American, born 1941
Found metal collage with brads over plywood, polyester resin, enamel, ceramic and plaster objects, and seashell
14 1/2 x 10 x 14 inches (36.8 x 25.4 x 35.6 cm)
Pending Acquisition Funds, 2012
California-based artist Tony Berlant discovered his passion for art at a young age. He fondly recalls seeing Picasso’s Weeping Woman with Handkerchief, 1937, at the Natural History Museum of Los Angeles, where he often visited as a child. A younger member of the L.A. Cool School, Berlant creates quirky, collaged assemblages of colored metal pieces nailed to plywood surfaces, which are sometimes assembled in the form of small, house-shaped boxes. Throughout his career, Berlant has incorporated scraps from discarded household items, such as cookie tins and TV trays, into his compositions. The concept for each work comes from myriad photographs, sketches, and notebooks full of personal notations. While his materials reflect a sculptural approach, the painterly quality of the final pieces’ nuanced color and chameleonlike compositions, which fluctuate between figurative and abstract, relate back to aspects of Abstract Expressionism, Pop art, and Dada.
Helena, 1966, is a significant work created during a particularly fruitful period for Berlant. With a woman’s name as its title, the sculpture invokes a ground-breaking group of works from the early sixties that Berlant refers to as the “girl pieces.” Discussing the creation of the first member of this series, Berlant recalls he “had a friend lie down on my plywood 'canvas' so that I could trace her body with a pencil. Using my friend's clothes, polyester, resin and paint, I started these works. Some of them are portraits, but most are spontaneous creations without direct reference to anyone.” Helena’s patterned and distinctly feminine exterior, full of vibrant foliage, gives way to a pink interior that contains small ceramic and plastic objects and a singular seashell beneath layers of paint.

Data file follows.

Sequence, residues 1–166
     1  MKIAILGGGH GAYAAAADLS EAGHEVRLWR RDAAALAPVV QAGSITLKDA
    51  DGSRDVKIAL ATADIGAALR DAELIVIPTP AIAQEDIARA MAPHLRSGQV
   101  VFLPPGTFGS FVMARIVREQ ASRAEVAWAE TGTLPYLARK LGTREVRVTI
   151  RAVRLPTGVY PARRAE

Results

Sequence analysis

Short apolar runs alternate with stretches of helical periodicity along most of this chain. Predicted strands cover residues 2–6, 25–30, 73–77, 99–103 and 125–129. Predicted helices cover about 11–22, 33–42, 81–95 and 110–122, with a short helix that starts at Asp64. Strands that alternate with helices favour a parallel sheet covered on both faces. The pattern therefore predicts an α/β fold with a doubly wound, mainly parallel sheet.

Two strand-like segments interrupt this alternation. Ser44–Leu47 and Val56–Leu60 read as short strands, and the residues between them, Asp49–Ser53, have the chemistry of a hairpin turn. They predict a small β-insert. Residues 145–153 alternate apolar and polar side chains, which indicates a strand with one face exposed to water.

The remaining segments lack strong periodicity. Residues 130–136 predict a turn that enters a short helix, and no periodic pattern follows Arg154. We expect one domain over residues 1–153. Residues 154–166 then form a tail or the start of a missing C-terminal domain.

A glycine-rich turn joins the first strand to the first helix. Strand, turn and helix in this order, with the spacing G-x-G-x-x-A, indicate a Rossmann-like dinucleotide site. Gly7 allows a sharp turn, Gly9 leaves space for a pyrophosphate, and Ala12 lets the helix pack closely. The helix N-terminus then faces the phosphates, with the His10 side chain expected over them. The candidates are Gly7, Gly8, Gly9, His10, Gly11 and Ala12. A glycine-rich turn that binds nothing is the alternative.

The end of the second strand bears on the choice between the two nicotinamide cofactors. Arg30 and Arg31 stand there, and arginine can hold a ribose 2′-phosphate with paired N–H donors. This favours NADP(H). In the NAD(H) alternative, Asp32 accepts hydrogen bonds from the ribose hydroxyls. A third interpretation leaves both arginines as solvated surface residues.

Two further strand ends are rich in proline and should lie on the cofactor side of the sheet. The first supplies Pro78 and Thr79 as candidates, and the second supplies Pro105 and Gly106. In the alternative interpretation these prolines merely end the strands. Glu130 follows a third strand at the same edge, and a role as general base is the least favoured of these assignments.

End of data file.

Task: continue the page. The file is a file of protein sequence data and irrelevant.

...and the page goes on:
MORE ABOUT THE ARTIST
Born in New York City in 1941, Tony Berlant attended the University of California, Los Angeles, where he studied with artist Richard Diebenkorn (American, 1922–1993), earning a BA in 1961, MA in 1962, and MFA in 1963. During this time, he was influenced by and formed close friendships with some of the group of artists who exhibited at the now-legendary Ferus Gallery in Los Angeles—including Larry Bell (American, born 1939), John McCracken (American, 1934–2011), Ed Moses (American, born 1926), Ken Price (American, 1935–2012), and Ed Ruscha (American, born 1937). Since then, he has continually exhibited widely throughout the United States and abroad, and his work is represented in numerous museum collections.
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